11. https://www.mlb.com/video/hernandezs-rbi-triple/c-2092125183 Ball never left the field of play. "Award" was simply what Hernandez achieved on the play.
  12. Thanks for all the replies. I suppose I was second guessing my self (again) and wanted to confirm the correct response to the play (wait, wait, wait until the play is done).
  13. What is the recommendation for signaling on a play with an error that then continues? Here is the situation: 14U 55/80. R1, stealing on the pitch. Good throw which arrives before the runner. However, F6 doesn't glove the ball and it rolls 8-10 feet away. Tag is applied (with empty glove) and R1 thinks he is out and slowly overruns second base. F6 chases the ball and easily tags the runner. Would you signal and verbalize "safe" after the failed tag attempt? I didn't do or say anything as the play was continuing. In retrospect, this may have put the runner at a disadvantage since he clearly felt the tag and assumed he was out. Is the delay and waiting for the whole play to finish the right mechanic?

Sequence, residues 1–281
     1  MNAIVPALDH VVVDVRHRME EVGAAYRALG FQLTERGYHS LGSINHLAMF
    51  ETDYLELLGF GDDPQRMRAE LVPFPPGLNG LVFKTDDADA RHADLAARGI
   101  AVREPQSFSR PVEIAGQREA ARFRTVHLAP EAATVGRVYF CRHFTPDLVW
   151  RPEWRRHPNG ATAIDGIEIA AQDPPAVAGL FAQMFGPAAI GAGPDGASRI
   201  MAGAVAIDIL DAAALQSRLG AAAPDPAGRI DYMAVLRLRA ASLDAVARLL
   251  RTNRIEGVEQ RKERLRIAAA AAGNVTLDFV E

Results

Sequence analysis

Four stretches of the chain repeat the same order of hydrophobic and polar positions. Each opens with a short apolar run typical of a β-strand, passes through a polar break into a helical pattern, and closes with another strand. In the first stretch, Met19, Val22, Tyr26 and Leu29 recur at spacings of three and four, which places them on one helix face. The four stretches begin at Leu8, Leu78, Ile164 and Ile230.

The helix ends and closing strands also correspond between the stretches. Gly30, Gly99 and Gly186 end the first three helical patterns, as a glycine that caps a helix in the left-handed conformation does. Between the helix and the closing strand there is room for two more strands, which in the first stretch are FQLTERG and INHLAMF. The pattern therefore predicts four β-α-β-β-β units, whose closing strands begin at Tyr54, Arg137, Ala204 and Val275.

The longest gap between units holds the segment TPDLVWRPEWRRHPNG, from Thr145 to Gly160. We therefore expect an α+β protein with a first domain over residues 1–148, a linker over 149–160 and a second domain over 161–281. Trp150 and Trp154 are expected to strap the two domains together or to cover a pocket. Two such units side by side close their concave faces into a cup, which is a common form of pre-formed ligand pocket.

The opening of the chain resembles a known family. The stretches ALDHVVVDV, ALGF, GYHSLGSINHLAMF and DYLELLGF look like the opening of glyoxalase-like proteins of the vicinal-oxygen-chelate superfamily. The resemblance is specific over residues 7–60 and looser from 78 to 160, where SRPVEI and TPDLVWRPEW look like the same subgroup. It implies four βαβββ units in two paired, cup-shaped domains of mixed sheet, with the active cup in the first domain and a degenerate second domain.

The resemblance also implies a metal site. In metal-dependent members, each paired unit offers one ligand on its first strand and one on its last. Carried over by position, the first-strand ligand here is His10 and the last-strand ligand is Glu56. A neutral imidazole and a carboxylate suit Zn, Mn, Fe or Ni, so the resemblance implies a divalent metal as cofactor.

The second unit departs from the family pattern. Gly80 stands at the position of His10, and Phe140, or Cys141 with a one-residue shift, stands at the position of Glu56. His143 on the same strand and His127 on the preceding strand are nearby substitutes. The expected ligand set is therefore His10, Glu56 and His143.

14. We have a local (League) rule for 10U/12U/14U which reads: It's difficult for the BU to watch R3 and the pitch at the same time.
  15. A strict reading of the verbiage in Rule 8.01(b) states that the pitcher comes "to A complete stop." (emphasis mine). Therefore, only one stop is allowed, which is the set position. Any other stoppage during the delivery of the pitch would be another stop, and therefore, illegal.
×
×
  • Create New...